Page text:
Evangeline Lilly On Her 'Hobbit' Character: Fans Will 'Love Her Or Absolutely Despise' Tauriel

Evangeline Lilly sports white at the 'Real Steel' Los Angeles premiere at The Gibson Amphitheatre in Universal City, Calif. on October 2, 2011 Evangeline Lilly sports white at the 'Real Steel' Los Angeles premiere at The Gibson Amphitheatre in Universal City, Calif. on October 2, 2011

Will “Lord of the Rings” fans (Ringers) embrace Evangeline Lilly’s “The Hobbit” character? The actress thinks Tauriel – a character created by director Peter Jackson – could divide the book’s hardcore followers.

“I am scared. I am very scared. Be nice to me,” the actress told AccessHollywood.com’s Laura Saltman at the “Real Steal” Los Angeles premiere when asked how Ringers will receive a character who does not appear in the J.R.R. Tolkien books.

“My character is an invention of Peter Jackson and Fran Walsh. So, either fans are going to love her or absolutely despise and be bitter towards her because she’s not authentic,” the actress continued. “I believe she is authentic, because Tolkien refers to The Wooded Owls, he just doesn’t talk about who they are specifically… [Peter and Fran] know that world so well. They’re not going to create a character that is not true to Tolkien’s world.”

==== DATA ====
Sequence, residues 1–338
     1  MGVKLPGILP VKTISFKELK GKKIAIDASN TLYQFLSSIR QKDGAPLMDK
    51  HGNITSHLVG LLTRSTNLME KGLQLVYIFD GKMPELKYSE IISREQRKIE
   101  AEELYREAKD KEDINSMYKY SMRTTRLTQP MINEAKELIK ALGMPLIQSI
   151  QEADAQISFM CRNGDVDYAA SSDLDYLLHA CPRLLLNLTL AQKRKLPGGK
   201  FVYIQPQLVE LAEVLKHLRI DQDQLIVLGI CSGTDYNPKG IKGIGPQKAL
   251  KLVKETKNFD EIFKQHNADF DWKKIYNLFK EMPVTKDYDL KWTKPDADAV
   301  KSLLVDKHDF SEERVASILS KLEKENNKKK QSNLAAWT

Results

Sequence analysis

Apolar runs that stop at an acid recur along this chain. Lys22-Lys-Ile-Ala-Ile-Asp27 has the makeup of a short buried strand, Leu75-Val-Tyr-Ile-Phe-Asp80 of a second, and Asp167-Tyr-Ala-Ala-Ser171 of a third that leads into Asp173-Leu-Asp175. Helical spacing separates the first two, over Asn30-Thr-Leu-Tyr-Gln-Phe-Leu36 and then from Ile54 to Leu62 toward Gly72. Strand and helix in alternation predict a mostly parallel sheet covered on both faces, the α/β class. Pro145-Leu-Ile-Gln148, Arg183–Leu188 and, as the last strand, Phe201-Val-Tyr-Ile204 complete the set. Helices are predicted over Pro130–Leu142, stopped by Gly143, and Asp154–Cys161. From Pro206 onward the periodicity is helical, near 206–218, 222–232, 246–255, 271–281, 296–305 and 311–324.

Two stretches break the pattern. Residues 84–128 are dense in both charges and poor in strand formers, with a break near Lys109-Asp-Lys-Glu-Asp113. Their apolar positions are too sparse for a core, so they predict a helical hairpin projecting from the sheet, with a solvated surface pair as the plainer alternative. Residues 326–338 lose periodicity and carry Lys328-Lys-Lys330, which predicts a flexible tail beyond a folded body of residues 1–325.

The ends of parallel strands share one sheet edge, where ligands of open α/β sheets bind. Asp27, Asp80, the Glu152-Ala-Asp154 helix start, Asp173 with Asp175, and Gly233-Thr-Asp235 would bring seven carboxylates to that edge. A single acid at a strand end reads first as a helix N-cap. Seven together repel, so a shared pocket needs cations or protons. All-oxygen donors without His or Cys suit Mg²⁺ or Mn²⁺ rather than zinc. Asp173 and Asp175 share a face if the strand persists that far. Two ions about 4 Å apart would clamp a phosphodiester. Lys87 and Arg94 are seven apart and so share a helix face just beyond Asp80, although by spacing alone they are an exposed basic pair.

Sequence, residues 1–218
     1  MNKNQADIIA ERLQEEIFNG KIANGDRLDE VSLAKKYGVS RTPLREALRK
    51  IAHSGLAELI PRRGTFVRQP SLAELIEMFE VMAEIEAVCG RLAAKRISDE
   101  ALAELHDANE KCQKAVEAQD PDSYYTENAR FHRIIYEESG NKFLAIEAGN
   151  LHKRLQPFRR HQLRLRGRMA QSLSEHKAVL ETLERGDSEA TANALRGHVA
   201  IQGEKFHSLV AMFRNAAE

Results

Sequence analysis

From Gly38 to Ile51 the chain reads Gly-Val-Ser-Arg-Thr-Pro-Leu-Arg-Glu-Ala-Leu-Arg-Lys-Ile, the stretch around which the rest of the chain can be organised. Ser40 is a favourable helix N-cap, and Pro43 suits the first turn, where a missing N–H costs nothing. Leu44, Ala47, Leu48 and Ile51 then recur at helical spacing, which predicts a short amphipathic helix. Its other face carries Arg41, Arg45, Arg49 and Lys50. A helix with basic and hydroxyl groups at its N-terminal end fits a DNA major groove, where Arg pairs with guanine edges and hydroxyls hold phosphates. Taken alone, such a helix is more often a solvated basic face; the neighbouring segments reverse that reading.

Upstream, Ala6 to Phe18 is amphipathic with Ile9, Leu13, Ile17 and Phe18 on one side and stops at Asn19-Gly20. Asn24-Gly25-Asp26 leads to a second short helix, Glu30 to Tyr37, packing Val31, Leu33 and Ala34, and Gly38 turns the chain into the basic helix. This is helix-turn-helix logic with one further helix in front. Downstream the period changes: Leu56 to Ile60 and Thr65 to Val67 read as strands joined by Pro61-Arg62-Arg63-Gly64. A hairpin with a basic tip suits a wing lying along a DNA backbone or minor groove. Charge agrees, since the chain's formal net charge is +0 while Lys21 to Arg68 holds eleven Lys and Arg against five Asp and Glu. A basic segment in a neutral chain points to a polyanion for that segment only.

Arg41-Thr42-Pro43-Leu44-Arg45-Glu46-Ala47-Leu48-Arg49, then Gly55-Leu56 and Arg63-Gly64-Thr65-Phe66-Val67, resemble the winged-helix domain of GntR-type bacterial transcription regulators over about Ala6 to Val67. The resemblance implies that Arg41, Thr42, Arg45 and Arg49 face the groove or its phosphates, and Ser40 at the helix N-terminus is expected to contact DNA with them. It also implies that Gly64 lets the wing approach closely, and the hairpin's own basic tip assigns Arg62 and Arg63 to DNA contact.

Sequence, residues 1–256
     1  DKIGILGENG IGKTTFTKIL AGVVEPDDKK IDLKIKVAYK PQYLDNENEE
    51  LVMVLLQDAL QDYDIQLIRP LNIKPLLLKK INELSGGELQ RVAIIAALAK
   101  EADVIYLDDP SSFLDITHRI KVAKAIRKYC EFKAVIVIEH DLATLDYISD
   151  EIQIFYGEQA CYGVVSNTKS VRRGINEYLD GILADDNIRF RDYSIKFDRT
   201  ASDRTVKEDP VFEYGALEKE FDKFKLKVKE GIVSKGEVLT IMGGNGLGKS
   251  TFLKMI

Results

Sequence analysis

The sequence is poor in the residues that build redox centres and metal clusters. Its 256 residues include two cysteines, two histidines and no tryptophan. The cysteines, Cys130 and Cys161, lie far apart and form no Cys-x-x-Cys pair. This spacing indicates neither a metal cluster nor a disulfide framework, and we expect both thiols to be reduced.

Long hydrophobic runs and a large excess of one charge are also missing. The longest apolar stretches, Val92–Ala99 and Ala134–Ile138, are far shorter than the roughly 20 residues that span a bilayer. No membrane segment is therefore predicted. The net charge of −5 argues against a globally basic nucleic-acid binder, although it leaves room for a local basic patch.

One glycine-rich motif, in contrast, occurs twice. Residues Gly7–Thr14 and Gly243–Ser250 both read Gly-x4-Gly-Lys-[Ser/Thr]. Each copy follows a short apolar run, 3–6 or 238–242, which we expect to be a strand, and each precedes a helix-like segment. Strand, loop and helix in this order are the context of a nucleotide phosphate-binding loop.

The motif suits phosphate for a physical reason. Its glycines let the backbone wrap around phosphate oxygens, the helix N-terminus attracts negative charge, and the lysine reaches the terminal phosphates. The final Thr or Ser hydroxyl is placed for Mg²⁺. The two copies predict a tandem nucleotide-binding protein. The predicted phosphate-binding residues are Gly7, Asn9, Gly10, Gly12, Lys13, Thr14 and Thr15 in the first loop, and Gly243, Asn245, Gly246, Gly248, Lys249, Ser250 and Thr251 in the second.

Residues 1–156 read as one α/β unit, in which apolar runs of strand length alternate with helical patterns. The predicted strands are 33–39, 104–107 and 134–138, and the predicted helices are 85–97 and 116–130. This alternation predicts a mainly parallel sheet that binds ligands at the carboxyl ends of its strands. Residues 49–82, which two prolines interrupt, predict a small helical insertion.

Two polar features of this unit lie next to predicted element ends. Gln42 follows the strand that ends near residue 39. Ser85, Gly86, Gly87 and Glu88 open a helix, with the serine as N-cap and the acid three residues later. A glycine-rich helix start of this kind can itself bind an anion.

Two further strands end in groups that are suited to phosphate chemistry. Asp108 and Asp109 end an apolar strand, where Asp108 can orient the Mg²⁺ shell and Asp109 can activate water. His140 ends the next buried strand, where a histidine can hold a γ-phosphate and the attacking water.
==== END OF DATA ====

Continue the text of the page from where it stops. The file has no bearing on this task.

Jackson previously revealed in a statement on his Facebook page that Tauriel is a Woodland Elf and that her name means “daughter of Mirkwood.” The director has noted that Tauriel is not romantically linked to Orlando Bloom’s Legolas, who will also appear in “The Hobbit.”

Evangeline, who gave Access a preview of her Elvish dialect skills (see Evangeline speak Elvish HERE!), was also tight lipped on the details surrounding her pointy-eared role.

“My Elvish could tell you what the story is,” the former “Lost” star teased. “I can’t tell you what the story is [in English].”

The actress told Access that filming in New Zealand has been a dream.

“We’ve been working out there for about a month now, and working with Pete Jackson is super inspiring,” she explained. “I have a dialect coach, I have a language coach, I have a stunt coach, so I should… be great in this film. But if I [expletive] up, it’s my fault, because there’s so much support for me in New Zealand. I have no reason, no excuse.”

The first film, “The Hobbit: An Unexpected Journey,” will be released on December 14, 2012, with the second film, “The Hobbit: There and Back Again,” slated to hit theaters the following year on December 13, 2013.

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